‘it’s a love song / it’s a tale of love that never dies’
The music is what shines through for me, and the gig feel of a lot of it is great. After the interval Persephone opens with ‘Our Lady of the Underground’, during which she introduces the band members. Amber Gray’s gravelly tones and expressive features and dance moves are a delight to hear and see. It’s definitely how I’d like Persephone to be. Cynical but defiant. Since the central couple (Orpheus and Eurydice) felt particularly underdeveloped, their love story confined to a couple of songs and fairly implausible, I felt much more drawn to Hades and Persephone. Even here, though, I’m uncomfortable. ‘I recall there was a time when we were happy, in the garden where we met’ Persephone sings to Hades. Forgive me, but I’m going to whizz us back to Ovid again. In his version, Hades, struck by cupid’s arrow ‘falls in love’ with and kidnaps an unconsenting Persephone, who was just out gathering flowers with her gal pals. A lot of drama ensues and after her mother gets involved it’s finally agreed that Persephone will spend half the year in Hades and half on earth (giving us seasons). A touching love story. I know it doesn’t sound like it, but it’s not that I require you to stick to exactly what Ovid wrote. Of course not. By all means, mix things up. They’re old stories though, and lots of us do know them, and it feels weird to me to ignore an abduction storyline and sell it as a romantic tale, albeit with an unconventional and dysfunctional couple.
‘cause here’s the thing: / to know how it ends / and still begin to sing it again’
One of the show’s biggest strengths was its ensemble. A band as tight as you could wish for, and a brilliant chorus. They help to bring the show a truly admirable momentum, not unaided by the Olivier’s legendary revolve. I mean, tell me – what is the point of staging a show in the Olivier if you’re not going to make good use of that revolve? Chavkin does not disappoint, and the revolve complements the music’s rolling momentum, literally, keeping it moving. I thought the choreography was cool, really matched the rolling feel of the music, kept things chugging along (something something fate something). I guess it all makes sense – things are cyclical, Persephone’s story reminds us of the seasons, and we’re thinking about old stories coming back around again and again, and so on. The final moment of the show even brings us back to the beginning moment. We love a cyclical structure.
‘it’s a sad song / but we sing it anyway’
What’s that final moment bringing us back to the beginning reminding us of though? That another guitar-wielding poet boy will always come along to make a load of unfulfilled promises? I couldn’t help but wonder who exactly they were invoking when, after the curtain call, the cast sang ‘here’s to all the Orpheus’s’. Here’s to artists? Here’s to those who fight for love? It’s unclear. It’s just quite a weird thing to say. Orpheus, here, is a neglectful partner who prioritises ~ the pursuit of art ~ over caring for the freezing, starving woman he insisted on marrying, two minutes after meeting her in a bar. Sure, sure he’s ‘fighting the system’ by breaking into the mine to free her, but then he doesn’t trust her enough to follow him out of the Underworld, and ends up consigning her to an eternity down there. What a guy.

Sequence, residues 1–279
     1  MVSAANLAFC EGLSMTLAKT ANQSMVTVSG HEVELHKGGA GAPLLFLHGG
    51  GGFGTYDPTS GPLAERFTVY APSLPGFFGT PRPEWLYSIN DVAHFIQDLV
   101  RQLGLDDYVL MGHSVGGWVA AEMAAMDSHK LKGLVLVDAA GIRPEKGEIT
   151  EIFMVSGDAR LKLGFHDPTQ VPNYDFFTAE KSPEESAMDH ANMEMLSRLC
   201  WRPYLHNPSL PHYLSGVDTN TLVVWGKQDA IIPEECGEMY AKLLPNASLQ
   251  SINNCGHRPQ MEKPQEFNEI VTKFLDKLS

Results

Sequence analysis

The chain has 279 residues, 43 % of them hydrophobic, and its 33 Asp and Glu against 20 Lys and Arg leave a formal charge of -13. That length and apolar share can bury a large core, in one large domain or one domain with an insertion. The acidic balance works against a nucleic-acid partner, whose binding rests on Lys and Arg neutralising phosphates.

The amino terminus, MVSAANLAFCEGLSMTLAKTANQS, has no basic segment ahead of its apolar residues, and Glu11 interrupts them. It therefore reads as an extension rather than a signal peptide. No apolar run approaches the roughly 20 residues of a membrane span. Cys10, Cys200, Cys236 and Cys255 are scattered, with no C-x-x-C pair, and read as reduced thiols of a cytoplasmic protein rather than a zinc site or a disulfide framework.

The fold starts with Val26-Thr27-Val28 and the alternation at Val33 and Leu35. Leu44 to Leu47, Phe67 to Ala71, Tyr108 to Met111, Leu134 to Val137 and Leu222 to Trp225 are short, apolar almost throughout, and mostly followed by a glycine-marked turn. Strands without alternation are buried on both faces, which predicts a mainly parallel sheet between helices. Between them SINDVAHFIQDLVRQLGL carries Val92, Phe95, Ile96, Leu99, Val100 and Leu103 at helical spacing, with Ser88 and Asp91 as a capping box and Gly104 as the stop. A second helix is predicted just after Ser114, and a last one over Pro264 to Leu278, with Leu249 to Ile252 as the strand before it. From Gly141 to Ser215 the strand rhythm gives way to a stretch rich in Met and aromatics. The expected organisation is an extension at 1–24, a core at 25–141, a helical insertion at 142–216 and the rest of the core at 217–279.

‘la la la la la la la’
In the end it just felt a bit shallow, and I couldn’t help but wish that they had mined (lol) the depths of the story a bit further. But listen, it was a good time of a show, and the standing ovation at the end is testament to people’s enjoyment and that’s a really good and important thing and who am I to overthink it so much when people loved it? This is what I wrote in my notebook straight after the show: Sometimes I have to ask myself – why do you hate fun? Nooo it’s not that I hate fun. I am sad/jealous that everyone loved it but I didn’t?? am I being deliberately contrary?? Was I just feeling quite ill?? Who knows!! I think I just felt a bit empty at the end. Here are those sentiments written up with less double punctuation and a touch more coherence: Maybe I have unrealistic expectations for things I think I’ll like. Maybe (very likely) I just felt a bit grumpy because I was ill and that bled into all my feelings about the show. Maybe I just don’t know how to have a good time and I’m too cynical and think too much and should just have enjoyed myself and taken that worthy alleged anti-capitalist message to heart and left feeling empowered and with a good tune in my head. Maybe. I didn’t though. I’ve been humming the songs, but I was left wanting more. I want more analysis, I want more critique and questioning. Why do we keep coming back to these ancient stories if we’re not really going to probe them?